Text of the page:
Take the deal!
Short excerpt from Greenspan’s interview Friday with Bloomberg’s Betty Liu.
I’m still a skeptic. The spending cuts agreed upon will not be significant. Greenspan recommends means testing entitlement programs, which is the fairest way to make large cuts. The poor and middle class are not affected, and the wealthy give up their benefits in exchange for a tax deduction.
Here’s the full interview.
Start listening at the 545 to the 600 mark.
This man just admitted that this leveraged economy was no accident.
Nov 2010: Alan Greenspan admits that it was all a scam and fraud
CHART: Just How Bad Is The Drop From The Fiscal Cliff?
‘Global markets will implode.’
Marc Faber on Squawk Box this morning.
Signs Of Investors Are Preparing For The Imminent Collapse
Bloomberg’s Lisa Abramowicz reported earlier in the week:
Investors yanked a record volume of cash from BlackRock Inc. (BLK)’s exchange-traded fund that buys junk bonds as the notes lose value for the first month since May.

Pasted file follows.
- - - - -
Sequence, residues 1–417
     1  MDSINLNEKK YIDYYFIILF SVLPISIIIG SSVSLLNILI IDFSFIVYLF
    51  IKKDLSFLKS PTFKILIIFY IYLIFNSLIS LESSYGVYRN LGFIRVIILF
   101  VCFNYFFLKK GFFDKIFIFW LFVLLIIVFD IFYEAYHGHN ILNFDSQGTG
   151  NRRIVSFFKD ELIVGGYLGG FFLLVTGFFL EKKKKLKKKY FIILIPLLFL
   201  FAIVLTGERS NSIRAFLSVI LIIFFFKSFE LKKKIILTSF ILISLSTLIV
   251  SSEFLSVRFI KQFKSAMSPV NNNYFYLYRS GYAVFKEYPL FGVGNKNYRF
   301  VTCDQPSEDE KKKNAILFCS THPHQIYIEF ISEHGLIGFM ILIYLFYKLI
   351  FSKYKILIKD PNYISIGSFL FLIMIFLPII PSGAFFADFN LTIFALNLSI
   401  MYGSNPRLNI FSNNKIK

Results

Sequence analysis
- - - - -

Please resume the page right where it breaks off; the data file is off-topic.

The $16.3 billion fund reported an outflow of 2.4 million shares yesterday, equal to about $218.9 million, according to data compiled by Bloomberg. That’s the biggest daily withdrawal in the five-year history of the iShares iBoxx High Yield Corporate Bond Fund, the largest of its kind.
The fear of higher taxes has put a chill on dividend-paying stocks, in what some analysts say could be an overreaction to the “fiscal cliff.”
The Bush-era tax cuts on dividends and capital gains, to 15 percent, are in the cross hairs, as congressional leaders and President Barack Obama this week start work on reshaping the tax and spending components of the so-called fiscal cliff.
(Read More: Washington Confronts ‘Fiscal Cliff’)
The cliff is the $607 billion expiration of a bundle of tax cuts and other programs, and the onset of automatic spending cuts that take place starting Jan. 1 if Congress does not act.
For dividend investors, a worst-case scenario for the wealthiest Americans would be that the upper income tax rate is returned to 39.6 percent, and dividends could then be taxed at that much higher rate, if the Bush tax cuts are left to expire.